On the Beat | By Wong Chun Wai

Surprise showing by new breed of leaders

In short, these contenders speak their lingo and in the
coming party polls in September their showing would have an impact on their
political careers.

The Umno elections, rightly or wrongly, have been
considered as more important than even the general election.

The showing of Selangor Mentri Besar Datuk Seri Dr
Mohamed Khir Toyo must have surprised many observers. He is second out of the
110 Umno leaders nominated.

Securing 171 nominations, the Universiti Malaya-trained
dentist, who turned 39 on Friday, is said to have laid his groundwork over the
last four years.

In 2000, he scraped through the Umno Youth race, making
him the last candidate to be elected into the 15-member executive committee. He
was then just Tanjung Karang division Youth chief, a virtual unknown.

Barely four years as Mentri Besar of the most developed
state, he seems to have caught the attention of the delegates.

His supporters said his strongest card was the Barisan
Nasional's strong showing in the recent general election, where Umno scored
100% victory.

Except for two seats which went to the DAP, Barisan won
all 54 seats. The two sole PAS state assemblymen – vice-presidents Datuk Dr
Hassan Ali and Dr Shafie Salleh – lost their seats.

Other bright sparks in the supreme council race so far
include Negri Sembilan Mentri Besar Datuk Seri Mohamad Hasan, who was appointed
to the post after the March polls. The 48-year-old former banker, who spent 30
years in the corporate world, was the managing director of Cycle and Carriage
Bintang Bhd.

Then there is Datuk Dr Awang Adek Husin, the Deputy Rural
and Regional Development Minister. He made his political debut in the March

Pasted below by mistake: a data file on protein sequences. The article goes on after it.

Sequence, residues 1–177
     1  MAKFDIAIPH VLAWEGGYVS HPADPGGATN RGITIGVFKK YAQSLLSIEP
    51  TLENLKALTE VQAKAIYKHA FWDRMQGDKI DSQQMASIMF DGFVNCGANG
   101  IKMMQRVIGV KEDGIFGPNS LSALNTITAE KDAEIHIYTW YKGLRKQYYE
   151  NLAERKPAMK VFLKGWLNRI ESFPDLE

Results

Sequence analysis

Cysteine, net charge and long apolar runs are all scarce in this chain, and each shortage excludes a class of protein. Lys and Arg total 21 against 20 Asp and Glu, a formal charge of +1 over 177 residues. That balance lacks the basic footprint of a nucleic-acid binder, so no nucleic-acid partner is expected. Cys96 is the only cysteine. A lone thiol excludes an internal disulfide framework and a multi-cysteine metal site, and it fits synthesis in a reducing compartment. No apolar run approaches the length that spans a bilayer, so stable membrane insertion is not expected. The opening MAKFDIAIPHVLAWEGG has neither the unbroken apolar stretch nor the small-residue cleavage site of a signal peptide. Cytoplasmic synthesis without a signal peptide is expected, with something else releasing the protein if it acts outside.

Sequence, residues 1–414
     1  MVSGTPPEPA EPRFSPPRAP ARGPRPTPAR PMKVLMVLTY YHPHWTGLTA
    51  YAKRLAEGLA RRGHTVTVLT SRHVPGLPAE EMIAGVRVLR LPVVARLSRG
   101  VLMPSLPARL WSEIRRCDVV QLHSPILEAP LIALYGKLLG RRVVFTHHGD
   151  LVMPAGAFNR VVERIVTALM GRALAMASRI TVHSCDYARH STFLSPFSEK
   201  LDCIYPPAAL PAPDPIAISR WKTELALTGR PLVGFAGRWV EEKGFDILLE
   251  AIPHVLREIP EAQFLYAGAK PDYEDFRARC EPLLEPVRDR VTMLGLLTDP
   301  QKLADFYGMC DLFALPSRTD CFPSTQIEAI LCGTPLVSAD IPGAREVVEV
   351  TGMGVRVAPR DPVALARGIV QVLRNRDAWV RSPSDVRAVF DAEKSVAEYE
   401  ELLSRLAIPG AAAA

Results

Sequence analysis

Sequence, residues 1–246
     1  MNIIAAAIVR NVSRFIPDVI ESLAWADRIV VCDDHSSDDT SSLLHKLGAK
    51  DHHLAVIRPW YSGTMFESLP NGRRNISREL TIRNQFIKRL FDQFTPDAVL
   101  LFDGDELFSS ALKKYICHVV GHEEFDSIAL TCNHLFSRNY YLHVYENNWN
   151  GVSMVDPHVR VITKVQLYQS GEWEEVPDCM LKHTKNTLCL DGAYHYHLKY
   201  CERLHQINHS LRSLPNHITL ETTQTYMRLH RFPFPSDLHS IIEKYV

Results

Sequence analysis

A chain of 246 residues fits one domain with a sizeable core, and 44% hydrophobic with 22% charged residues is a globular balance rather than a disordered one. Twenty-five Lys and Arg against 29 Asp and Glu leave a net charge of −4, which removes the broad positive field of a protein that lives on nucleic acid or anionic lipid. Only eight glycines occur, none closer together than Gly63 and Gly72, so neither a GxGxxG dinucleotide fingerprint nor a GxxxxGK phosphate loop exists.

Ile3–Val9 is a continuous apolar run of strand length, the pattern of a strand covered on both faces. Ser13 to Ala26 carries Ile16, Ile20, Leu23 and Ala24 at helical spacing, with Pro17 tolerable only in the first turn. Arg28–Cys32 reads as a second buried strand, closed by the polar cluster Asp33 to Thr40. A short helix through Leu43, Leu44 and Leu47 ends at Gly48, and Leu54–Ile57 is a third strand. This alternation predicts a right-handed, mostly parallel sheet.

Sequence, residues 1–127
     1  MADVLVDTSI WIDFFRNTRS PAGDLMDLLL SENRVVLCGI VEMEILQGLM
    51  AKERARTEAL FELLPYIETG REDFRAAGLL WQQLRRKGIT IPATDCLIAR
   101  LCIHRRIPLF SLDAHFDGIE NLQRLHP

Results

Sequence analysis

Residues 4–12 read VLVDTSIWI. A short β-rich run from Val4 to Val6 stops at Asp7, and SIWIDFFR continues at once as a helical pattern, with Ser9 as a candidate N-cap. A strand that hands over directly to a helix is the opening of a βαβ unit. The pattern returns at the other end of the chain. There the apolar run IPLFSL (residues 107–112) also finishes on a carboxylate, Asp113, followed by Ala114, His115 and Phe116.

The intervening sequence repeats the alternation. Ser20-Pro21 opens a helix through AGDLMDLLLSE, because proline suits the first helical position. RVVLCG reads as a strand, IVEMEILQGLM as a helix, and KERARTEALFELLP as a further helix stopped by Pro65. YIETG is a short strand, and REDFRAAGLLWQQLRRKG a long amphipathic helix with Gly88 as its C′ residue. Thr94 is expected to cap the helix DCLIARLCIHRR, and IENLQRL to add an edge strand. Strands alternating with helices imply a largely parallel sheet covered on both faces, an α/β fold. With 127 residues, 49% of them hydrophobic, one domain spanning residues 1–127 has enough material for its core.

polls and wrested the Bachok parliamentary seat from PAS.

Despite the robust politics of Kelantan, the former
lecturer was returned unopposed in the Bachok Umno division. With Kelantan Umno
leaders like Datuk Mustapa Mohamad vying for the vice-president's post, Dr
Awang is in 19th spot with 121 nominations.

Also vying for a supreme council seat for the first time
is Datuk Azalina Othman Said, the Youth and Sports Minister. She is in 14th
place with 135 nominations. Just a notch up is Datuk Seri Shahrizat Abdul

Other notable figures include Deputy Tourism Minister
Datuk Ahmad Zahid Hamidi and Deputy Internal Security Minister Datuk Noh Omar,
who both have more than 100 nominations.

Interestingly, old-timers like Rural Development Minister
Datuk Abdul Aziz Shamsuddin have also made an impressive showing – he leads the
field with 175 nominations.

The other leaders that have taken their places are Datuk
Seri Syed Razak Syed Zain, Datuk Mohamed Khaled Nordin, Datuk Abdul Kadir
Sheikh Fadzir, Datuk Seri Musa Aman, Datuk Seri Tajol Rosli Ghazali and Datuk
Shafie Apdal.

The Umno race has also heated up with party president
Datuk Seri Abdullah Ahmad Badawi declaring that vice-president aspirants who
lose may not be appointed into the supreme council.

The contenders include incumbents Tan Sri Muhammad
Muhammad Taib and Tan Sri Muyhiddin Yassin.

The others in the fray are Datuk Seri Mohamed Ali Rustam,
Datuk Mustapa Mohamed, Tan Sri Mohamed Isa Abdul Samad, Datuk Seri Adnan Yaakob
and Datuk Shahrir Samad.

Last week, Foreign Minister Datuk Seri Syed Hamid Albar
declared he was withdrawing from the vice-president's race and would now
concentrate on a supreme council seat, which he has qualified to contest with
23 nominations.

Under the party constitution, Abdullah has the power to
appoint 13 members to the supreme council, including the treasurer, information
chief and secretary-general. In the past, losers were appointed to the supreme

Six of the vice-presidential contenders have obtained the
required nominations to contest for supreme council seats but all eight are
expected to go for broke.

The Umno elections may be more than a month away but, as
the saying goes, a week in politics is a long time – and the nominations need
not necessarily be translated into votes.